SXSW: Alexandre O. Philippe’s documentary is Shatner’s own stream-of-consciousness self-portraiture, a journey inside his mind.
Even when he’s not trying to be funny, laughter can be the first response that greets William Shatner. Some may think of him as a caricature. What Alexandre O. Philippe’s thoughtful, searching new documentary “You Can Call Me Bill” reveals, without ever being so blunt as to say as much, is that that laughter reveals more about us than about Shatner. About our inability to comprehend someone quite as complex, as defiantly irreducible, as the man who once was Captain Kirk.
Shatner may be pop culture’s greatest master of pontification, and there is no topic on which he doesn’t have thoughts. He’s expressed them before in the 2001 Peter Jaysen documentary “Mind/Meld”; in the 2011 documentary that he himself directed looking back at the legacy of “Star Trek” in its many different incarnations, “The Captains”; and as seen in Philippe’s new film, via poetry readings in front of a live audience, sometimes accompanied by an orchestra. Those live events feature him giving poetic dimension to his own life experiences, such as his October 2021 journey to space, while a gong, perhaps, lightly thrums. The crowds he draws there reveal how “You Can Call Me Bill” could be crowd-funded.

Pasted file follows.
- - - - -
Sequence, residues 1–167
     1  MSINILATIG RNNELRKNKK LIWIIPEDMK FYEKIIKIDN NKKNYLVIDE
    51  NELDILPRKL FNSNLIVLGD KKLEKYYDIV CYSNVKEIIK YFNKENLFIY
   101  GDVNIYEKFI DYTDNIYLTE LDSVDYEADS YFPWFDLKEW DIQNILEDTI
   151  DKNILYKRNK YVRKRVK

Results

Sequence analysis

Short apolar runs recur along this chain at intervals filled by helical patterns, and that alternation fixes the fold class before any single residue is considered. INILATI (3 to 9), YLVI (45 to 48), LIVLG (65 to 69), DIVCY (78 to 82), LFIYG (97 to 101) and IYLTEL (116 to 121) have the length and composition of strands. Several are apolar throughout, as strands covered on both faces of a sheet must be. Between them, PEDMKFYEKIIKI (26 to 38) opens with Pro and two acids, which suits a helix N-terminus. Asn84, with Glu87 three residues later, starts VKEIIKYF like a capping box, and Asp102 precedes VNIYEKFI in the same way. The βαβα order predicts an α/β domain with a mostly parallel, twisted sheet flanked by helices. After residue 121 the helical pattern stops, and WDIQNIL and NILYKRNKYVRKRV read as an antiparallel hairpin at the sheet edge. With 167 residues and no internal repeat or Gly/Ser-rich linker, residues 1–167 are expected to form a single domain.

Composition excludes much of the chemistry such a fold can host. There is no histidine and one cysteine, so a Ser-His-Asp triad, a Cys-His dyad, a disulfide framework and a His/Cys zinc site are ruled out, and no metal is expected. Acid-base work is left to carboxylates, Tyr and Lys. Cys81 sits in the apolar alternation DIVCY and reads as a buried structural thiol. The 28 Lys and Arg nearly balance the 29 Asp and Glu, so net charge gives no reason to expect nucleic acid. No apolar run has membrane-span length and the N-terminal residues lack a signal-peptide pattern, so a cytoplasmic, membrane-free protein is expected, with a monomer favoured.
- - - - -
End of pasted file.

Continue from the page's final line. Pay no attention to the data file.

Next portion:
For his largely direct-to-camera film, Philippe knows then that he can just let Shatner riff and the result will be a kind of documentary portrait as stream-of-consciousness one-man show. All he needs to do is let the man talk. (Philippe himself is heard just once, expressing his hope to Shatner that he’ll return to the studio space that’s been set up to add more the next day.) And the film is just an extended monologue by Shatner on his life, his TV and film roles, and his various philosophical musings. These are musings, though, the likes of which you’ll almost never find any other celebrity of his stature willing to indulge in public. There’s a candor and a rawness here that’s inherently compelling.